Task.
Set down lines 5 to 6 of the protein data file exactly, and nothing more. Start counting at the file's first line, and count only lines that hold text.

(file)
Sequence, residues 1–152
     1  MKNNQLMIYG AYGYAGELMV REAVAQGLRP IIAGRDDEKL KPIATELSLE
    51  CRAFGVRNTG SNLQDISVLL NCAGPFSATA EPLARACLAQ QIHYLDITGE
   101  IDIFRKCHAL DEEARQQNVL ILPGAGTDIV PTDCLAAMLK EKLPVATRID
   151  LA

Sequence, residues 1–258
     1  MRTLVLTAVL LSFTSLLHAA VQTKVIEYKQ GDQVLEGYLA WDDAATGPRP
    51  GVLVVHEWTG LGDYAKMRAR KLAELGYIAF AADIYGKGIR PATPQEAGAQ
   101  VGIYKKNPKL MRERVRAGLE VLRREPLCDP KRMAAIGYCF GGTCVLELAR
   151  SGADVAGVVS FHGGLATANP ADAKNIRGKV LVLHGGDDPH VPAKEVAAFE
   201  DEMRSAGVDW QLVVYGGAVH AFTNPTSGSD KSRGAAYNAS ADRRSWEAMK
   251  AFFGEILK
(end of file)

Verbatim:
   151  LA

Sequence, residues 1–258